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Most of us have seen a compilation of skateboarding injuries, witnessed someone in person getting injured at a skateboarding park or even experienced a skateboarding injury ourselves. As we have heard our grandma say a million times, “skateboarding is dangerous, no one should do it.”

However, skateboarding is a great way to get exercise outdoors. So it makes sense that those loyal to skateboarding find that the rewards of skateboarding outweigh the risks.

OrthoIndy foot/ankle and sports medicine specialist, Dr. Michael Shea, has frequently treated skateboarders who have injured themselves while participating in the sport.

“I think there are two basic areas where injuries occur while skateboarding. One is the wrist and the other is the ankle,” said Dr. Shea. “These are mostly due to falls.”

The symptoms of these injuries include pain, swelling, difficulty bearing weight, difficulty moving the injured area, bruising after some time and occasional numbness or tingling associated with the injured area.

“In my opinion, there are two components to skateboarding that lead to injuries. The first one is straight-line speed, when you are going straight on the skateboard really fast and you lose your balance or you go to stop and put your foot down, the foot sometimes catches on the ground and this can lead to rotational type injuries,” said Dr. Shea.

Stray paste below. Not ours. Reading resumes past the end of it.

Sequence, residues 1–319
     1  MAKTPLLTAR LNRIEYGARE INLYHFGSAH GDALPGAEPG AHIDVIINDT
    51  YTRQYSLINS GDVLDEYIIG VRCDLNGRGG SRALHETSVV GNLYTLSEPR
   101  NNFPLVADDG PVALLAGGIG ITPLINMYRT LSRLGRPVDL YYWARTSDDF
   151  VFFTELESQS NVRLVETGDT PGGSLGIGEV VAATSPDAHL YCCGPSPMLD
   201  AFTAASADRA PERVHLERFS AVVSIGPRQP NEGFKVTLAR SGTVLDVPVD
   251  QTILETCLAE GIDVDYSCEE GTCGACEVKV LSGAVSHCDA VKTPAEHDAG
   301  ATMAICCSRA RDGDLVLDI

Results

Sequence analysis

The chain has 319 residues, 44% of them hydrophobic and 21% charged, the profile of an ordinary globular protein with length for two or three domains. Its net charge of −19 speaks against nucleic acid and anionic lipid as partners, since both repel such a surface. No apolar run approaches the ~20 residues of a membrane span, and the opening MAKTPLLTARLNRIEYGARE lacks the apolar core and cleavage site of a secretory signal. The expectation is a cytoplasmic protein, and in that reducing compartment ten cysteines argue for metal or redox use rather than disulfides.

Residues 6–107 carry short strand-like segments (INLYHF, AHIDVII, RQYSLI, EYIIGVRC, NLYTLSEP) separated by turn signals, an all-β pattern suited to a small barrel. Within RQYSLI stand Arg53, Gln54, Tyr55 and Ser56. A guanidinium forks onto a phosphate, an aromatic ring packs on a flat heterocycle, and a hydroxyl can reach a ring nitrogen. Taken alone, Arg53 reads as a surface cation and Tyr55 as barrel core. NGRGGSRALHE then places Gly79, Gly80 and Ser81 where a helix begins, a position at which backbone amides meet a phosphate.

“The second component is with height. When you are up in the air performing a skateboarding trick you might land awkwardly; there is a lot of force that lands on your ankle and you might get compression type injuries, where the bones and joints kind of jam together, or rotational injuries, where you can tear ligaments and get fractures as well. I think the more catastrophic injuries usually come from people landing awkwardly from jumps.”

To diagnose a skateboarding injury, a physician usually begins with asking the patient how the injury occurred. Then the injured area is assessed to test for ligament instability or make sure the tendons are working properly. Bones in the injured area are also evaluated to test for fractures. Afterwards, an X-ray may be necessary and sometimes an MRI is ordered as well.

According to Dr. Shea, treatment options vary upon the degree of injury. Sometimes an ACE wrap or ankle brace is necessary. Other times the patient will need further immobilization like wearing a fracture boot for a certain amount of time. This can go anywhere from a few days up to six weeks followed by rehab. Occasionally a patient will end up with a chronic instability and may need surgery to have the ligaments reconstructed.

“The other treatment options deal with fractures. Fractures can be treated either non-operatively or operatively depending on the fracture pattern, the bone that is fractured, the amount of displacement or misalignment of the bone,” said Dr. Shea. “Sometimes, you can bear weight on it right away in a boot. Other times, you may need to protect it with non-weight bearing for a while or you may even need to consider surgery.”

To schedule an appointment with Dr. Shea please call 317.802.2821 or request an appointment online at